Still, all that beauty pales in comparison to Punjab Grill’s pièce de résistance: the Palace of Mirrors. Guests are led through thick, ornately carved doors into a “palace of mirrors,” referred to in Hindi as Sheesh Mahal, where 150,000 glass and mirror pieces have been meticulously hand-laid across the entire room to create the same striking effect as the prominent Amer Palace of Jaipur.
In the center is a long, black table made from one singular piece of marble that seats up to 10 people. The table is set with Hermès dishes – the patterns on which mimic the pattern of mirrors on the ceilings – and surrounded by chairs that were each individually custom-upholstered by Peter D’Ascoli. Yes, each chair was designed specifically. So are the drapes.
“It’s over the top but in a tasteful way,” Singh proudly explains. “It’s a lot to take in but it’s not sensory overload. It all comes together nicely.”
If your experience should take you to the bar or the dining room, you can always request a tour of the opulent Palace of Mirrors. Prepare to be wowed. 427 11th St. NW, DC; www.punjabgrilldc.com
In keeping with its quirky vibe, Service Bar just added a wall-long mural to add brightness to the normally darker atmosphere. Co-owner Chad Spangler reached out to Henley Bounkhong, a 31-year-old, self-taught painter, on Instagram in search of something “different.” He was in luck as Bounkhong had just begun experimenting with a new style of painting.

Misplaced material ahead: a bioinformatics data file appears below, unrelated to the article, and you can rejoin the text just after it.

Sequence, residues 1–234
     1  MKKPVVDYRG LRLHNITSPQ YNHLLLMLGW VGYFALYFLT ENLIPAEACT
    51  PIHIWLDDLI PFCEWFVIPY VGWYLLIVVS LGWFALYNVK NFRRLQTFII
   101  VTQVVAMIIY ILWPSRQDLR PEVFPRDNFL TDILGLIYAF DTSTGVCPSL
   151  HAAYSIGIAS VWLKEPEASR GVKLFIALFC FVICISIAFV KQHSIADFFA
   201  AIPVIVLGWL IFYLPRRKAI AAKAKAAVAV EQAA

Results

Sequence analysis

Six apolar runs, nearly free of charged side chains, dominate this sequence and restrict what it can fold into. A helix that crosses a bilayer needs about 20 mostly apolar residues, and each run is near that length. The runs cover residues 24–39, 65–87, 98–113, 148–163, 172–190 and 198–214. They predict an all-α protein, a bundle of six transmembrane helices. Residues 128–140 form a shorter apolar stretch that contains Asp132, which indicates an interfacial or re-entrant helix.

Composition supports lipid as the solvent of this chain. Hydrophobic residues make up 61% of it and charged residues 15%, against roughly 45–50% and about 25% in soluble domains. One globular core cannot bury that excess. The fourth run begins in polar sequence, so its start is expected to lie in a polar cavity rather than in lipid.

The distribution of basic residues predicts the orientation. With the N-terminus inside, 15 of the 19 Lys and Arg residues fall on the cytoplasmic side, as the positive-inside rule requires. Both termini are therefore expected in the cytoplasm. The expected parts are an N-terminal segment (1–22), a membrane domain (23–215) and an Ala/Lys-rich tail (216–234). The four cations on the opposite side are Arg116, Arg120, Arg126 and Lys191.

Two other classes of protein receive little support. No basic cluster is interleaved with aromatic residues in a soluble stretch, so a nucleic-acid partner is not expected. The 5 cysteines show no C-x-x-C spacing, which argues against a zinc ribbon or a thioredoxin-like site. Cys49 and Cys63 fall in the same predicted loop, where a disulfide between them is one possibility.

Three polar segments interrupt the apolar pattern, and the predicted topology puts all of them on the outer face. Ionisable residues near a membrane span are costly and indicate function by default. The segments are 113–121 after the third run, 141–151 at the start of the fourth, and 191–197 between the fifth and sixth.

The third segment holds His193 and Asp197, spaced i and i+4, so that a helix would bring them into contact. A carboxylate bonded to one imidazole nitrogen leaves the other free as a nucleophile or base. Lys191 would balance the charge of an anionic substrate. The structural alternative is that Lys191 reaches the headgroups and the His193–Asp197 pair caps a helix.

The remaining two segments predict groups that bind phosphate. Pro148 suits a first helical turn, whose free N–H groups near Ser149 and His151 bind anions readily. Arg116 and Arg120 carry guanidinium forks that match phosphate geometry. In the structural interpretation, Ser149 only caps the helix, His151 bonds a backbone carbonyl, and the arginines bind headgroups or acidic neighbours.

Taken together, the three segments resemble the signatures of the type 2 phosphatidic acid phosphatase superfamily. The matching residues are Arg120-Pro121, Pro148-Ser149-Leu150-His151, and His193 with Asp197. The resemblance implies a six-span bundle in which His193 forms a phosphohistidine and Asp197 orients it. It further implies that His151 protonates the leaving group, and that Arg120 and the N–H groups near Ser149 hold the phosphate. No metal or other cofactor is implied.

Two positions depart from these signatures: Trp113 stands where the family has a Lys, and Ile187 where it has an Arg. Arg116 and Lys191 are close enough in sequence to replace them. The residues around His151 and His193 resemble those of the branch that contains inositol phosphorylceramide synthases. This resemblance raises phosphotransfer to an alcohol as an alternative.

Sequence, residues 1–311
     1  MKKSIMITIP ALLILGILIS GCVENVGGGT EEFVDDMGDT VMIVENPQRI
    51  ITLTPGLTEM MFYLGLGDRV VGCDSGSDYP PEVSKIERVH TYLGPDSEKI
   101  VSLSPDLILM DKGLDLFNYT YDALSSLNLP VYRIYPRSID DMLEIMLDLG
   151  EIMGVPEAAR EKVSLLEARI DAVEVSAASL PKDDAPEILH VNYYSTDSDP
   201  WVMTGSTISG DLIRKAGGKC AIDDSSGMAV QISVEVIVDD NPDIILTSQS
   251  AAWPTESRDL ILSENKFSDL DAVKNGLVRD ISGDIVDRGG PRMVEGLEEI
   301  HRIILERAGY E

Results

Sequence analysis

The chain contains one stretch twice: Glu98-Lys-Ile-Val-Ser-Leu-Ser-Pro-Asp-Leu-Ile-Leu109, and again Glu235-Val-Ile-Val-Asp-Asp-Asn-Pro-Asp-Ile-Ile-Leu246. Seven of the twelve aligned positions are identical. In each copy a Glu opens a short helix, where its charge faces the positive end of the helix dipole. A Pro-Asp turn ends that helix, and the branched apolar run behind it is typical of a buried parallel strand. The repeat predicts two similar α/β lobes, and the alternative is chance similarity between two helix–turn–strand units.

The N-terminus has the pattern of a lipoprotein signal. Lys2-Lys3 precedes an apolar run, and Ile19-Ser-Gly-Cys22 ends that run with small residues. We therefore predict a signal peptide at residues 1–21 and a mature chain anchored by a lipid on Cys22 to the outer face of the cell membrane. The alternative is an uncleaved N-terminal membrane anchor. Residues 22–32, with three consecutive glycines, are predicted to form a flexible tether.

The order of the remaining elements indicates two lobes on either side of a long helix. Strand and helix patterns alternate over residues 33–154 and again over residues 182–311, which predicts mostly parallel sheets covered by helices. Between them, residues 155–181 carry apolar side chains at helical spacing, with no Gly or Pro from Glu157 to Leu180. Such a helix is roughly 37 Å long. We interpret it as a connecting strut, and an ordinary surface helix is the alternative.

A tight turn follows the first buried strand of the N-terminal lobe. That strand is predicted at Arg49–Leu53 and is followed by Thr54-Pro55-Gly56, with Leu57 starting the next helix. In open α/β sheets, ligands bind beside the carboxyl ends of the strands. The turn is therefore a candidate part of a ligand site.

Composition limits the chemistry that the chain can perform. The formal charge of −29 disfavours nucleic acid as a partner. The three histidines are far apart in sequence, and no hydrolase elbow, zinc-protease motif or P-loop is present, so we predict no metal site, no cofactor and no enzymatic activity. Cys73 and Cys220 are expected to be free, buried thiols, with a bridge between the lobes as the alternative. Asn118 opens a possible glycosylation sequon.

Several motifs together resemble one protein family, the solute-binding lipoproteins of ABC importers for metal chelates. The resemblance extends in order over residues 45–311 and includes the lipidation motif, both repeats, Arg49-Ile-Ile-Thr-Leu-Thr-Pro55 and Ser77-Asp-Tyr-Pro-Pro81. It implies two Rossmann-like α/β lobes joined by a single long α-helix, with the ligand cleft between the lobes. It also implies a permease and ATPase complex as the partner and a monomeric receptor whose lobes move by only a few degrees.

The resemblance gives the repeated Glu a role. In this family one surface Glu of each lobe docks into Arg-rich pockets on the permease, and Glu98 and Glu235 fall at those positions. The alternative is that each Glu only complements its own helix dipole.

“When I first went in to check out the space, I loved all the cool cups they have, the colors and the vibe of the space,” Bounkhong describes. “I suggested an octopus serving drinks because, having worked as a server, I feel like the octopus is the best representation [of] someone who has to do a million things at once. So, we ran with that.”
Bounkhong’s new paint style consists of multiple panels laid out, almost like the pages of a comic book. The Service Bar mural contains several separate paintings that are all ultimately connected through the tentacles of the octopus. Throughout are other little elements inspired by those cute cups Bounkhong loved so much.
“I felt it would be right to have cherry blossoms and the monument there to represent DC and then the rest of the panels were of flowers and nature. Everything flowed together naturally, and the end result was a little more than I imagined.” 926-928 U St. NW, DC; www.servicebardc.com
This standing room-only restaurant within AdMo’s LINE Hotel stole the hearts of the DC dining community when it opened early in 2018.
According to founder and chef Erik Bruner-Yang, “we always had the intention of doing Spoken English. It was originally going to be more sit-down, fine dining. When we got closer to opening, we realized it didn’t fit with who we are as chefs overall. So, we made a massive pivot to do the tachinomiya service style.”